2.B.55. The Phospholipid-mimicking Cell-penetrating Polymer (PCP) Family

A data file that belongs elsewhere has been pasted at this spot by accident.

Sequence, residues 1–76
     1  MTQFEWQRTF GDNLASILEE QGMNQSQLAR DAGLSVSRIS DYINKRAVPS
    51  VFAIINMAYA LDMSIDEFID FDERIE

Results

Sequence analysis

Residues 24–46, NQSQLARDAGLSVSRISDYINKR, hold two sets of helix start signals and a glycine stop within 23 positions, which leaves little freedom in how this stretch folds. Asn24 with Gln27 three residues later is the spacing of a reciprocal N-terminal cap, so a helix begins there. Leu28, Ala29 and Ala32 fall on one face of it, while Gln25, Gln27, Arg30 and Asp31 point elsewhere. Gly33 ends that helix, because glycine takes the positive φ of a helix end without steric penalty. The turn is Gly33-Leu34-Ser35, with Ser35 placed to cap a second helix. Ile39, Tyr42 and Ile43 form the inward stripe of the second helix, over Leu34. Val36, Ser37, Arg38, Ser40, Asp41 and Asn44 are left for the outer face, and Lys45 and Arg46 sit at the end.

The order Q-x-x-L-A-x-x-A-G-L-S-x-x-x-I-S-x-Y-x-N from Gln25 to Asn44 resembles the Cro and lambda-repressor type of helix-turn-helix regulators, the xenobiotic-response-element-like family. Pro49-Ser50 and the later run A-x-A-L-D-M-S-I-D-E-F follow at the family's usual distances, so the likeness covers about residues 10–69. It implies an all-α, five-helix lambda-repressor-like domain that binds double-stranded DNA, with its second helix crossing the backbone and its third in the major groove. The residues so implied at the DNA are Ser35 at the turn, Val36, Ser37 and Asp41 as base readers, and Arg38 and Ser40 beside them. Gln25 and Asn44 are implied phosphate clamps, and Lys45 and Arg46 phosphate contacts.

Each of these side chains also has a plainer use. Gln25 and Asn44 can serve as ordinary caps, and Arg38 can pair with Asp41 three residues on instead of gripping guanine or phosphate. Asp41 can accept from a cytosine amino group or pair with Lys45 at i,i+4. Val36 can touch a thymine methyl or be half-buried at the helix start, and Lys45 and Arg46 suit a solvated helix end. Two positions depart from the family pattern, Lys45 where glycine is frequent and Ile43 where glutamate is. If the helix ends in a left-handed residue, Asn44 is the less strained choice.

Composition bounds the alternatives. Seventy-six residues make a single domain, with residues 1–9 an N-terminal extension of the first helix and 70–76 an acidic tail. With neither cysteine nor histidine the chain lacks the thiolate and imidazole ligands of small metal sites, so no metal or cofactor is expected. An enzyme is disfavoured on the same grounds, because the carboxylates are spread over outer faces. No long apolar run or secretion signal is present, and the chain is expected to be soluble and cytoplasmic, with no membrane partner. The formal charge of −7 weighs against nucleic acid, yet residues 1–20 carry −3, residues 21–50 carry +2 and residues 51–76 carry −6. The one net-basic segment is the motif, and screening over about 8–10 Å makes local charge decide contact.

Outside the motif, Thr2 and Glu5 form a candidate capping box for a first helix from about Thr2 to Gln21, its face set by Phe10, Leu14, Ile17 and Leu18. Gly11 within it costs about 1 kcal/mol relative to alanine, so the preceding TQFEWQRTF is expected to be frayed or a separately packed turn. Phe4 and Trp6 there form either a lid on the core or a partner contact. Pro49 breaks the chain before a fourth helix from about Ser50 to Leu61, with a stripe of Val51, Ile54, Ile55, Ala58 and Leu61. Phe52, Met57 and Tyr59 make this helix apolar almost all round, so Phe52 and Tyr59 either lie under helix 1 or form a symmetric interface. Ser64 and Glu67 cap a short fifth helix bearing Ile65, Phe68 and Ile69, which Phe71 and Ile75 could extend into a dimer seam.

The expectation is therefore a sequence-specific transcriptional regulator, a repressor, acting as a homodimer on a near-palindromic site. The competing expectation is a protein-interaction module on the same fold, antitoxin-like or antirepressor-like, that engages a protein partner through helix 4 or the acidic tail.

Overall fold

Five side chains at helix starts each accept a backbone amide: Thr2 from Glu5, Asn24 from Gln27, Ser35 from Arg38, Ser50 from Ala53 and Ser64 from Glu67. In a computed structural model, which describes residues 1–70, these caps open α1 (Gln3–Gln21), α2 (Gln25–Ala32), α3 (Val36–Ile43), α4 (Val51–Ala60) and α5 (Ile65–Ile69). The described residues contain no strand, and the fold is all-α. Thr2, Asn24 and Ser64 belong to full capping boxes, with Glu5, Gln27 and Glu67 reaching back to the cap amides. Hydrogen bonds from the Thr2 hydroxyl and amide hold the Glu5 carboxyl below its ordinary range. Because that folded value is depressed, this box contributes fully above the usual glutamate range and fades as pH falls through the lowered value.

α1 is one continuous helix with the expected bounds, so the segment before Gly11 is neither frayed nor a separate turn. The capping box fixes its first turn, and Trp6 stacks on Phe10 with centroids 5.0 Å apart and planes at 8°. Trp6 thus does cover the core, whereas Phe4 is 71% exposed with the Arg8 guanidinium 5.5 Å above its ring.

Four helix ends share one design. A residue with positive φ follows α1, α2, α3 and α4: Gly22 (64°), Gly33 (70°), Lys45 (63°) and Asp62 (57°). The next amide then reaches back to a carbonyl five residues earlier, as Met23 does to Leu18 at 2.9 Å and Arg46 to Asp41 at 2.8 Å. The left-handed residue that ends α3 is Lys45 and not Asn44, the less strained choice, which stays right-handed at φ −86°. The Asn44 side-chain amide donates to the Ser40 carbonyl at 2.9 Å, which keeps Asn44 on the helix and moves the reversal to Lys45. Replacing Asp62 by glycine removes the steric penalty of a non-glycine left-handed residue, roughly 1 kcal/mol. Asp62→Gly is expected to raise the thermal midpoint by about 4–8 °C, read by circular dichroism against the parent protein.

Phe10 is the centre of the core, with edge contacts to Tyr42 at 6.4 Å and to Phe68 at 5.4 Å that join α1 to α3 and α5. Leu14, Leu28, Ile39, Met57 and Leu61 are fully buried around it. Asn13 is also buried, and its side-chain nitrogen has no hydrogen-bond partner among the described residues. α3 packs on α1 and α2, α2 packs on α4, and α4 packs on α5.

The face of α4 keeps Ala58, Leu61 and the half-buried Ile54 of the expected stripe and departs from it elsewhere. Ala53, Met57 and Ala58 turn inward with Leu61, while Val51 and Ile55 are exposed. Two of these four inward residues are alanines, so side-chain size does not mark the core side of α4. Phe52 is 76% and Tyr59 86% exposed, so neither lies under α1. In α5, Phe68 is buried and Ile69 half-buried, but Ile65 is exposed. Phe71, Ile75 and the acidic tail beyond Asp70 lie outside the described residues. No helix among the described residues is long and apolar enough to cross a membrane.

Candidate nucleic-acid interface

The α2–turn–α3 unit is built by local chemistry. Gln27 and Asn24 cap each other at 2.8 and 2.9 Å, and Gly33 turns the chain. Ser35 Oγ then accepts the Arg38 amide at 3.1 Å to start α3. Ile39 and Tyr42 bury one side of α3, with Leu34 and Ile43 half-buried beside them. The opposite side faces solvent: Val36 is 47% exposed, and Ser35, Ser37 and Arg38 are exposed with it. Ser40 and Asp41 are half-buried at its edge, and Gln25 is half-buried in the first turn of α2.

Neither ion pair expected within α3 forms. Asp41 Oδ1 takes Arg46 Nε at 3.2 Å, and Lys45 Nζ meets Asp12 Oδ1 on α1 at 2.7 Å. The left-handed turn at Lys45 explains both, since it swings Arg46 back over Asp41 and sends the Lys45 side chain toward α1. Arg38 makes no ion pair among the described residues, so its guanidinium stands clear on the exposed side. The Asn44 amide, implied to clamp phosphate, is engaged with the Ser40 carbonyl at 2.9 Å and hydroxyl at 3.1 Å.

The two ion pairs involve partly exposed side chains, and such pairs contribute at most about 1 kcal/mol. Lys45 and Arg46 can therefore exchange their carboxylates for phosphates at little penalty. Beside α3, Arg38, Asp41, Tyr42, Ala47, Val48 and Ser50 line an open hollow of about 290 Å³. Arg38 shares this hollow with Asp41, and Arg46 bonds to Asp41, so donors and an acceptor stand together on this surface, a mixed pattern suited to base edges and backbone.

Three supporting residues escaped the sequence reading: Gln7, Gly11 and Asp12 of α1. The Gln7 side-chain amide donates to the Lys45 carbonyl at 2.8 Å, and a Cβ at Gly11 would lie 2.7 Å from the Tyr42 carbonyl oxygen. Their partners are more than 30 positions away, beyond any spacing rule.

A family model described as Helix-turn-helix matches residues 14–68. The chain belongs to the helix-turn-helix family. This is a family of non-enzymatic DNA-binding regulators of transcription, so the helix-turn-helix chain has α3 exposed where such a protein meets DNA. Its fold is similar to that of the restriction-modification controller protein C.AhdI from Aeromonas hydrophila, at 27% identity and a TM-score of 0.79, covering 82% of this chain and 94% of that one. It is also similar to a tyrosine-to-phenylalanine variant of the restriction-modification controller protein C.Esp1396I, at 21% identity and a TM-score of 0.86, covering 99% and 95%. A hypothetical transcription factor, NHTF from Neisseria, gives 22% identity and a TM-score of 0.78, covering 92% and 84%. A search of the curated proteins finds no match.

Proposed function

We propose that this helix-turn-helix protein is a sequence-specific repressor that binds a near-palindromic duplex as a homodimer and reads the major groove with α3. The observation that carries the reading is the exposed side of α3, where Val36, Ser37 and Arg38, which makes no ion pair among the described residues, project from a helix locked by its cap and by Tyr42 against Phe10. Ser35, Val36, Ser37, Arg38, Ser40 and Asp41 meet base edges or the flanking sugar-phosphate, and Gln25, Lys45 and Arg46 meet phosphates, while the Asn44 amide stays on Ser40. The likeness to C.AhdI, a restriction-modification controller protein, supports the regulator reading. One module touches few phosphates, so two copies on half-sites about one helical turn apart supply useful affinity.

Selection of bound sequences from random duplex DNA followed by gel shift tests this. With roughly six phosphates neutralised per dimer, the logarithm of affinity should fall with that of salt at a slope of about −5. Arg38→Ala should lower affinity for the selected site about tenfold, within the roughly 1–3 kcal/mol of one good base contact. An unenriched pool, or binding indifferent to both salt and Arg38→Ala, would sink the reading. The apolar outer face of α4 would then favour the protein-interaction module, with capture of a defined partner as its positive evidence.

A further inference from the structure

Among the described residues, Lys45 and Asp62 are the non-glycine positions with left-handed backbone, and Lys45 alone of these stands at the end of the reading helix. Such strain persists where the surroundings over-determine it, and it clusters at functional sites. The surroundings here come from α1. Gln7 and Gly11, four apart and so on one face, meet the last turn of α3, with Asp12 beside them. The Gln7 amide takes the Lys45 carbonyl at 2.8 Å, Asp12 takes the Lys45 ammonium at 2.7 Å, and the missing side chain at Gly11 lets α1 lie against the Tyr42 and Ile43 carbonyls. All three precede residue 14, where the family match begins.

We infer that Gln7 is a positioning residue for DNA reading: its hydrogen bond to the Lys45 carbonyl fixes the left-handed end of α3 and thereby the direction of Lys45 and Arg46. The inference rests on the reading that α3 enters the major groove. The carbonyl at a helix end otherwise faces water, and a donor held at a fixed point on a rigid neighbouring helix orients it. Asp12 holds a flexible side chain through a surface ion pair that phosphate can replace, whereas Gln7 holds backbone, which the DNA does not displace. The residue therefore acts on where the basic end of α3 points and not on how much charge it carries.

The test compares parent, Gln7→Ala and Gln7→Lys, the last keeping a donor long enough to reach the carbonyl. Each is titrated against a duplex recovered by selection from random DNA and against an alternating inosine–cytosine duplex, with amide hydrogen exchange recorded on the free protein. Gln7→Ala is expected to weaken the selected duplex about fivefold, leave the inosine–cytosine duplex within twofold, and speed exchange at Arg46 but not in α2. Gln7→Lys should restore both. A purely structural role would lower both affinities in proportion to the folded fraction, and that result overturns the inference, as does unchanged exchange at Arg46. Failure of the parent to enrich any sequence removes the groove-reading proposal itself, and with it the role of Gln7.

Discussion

Understanding the interactions of eukaryotic cellular membranes with nanomaterials is required to construct efficient and safe nanomedicines and for molecular bioengineering. Intracellular uptake of nanocarriers by active endocytosis limits the intracellular distribution to the endosomal compartment, impairing the intended biological actions of the cargo molecules. Nonendocytic intracellular migration is another route for nanomaterials with cationic or amphiphilic properties to evade the barrier function of plasma membranes. Direct transport of nanomaterials into cells is efficient, but this may cause cytotoxic or biocidal effects by disrupting the biological membrane barrier. Goda et al. 2020 discovered that nonendocytic internalization of synthetic amphipathic polymer-based nanoaggregates that mimic the structures of natural phospholipids can occur without inducing cytotoxicity. Analyses using a proton leakage assays indicated that the polymer enters cells by amphiphilicity-induced membrane fusion rather than by transmembrane pore formation. These noncytotoxic cell-penetrating polymers may find applications in drug delivery systems, gene transfection, cell therapies, and biomolecular engineering.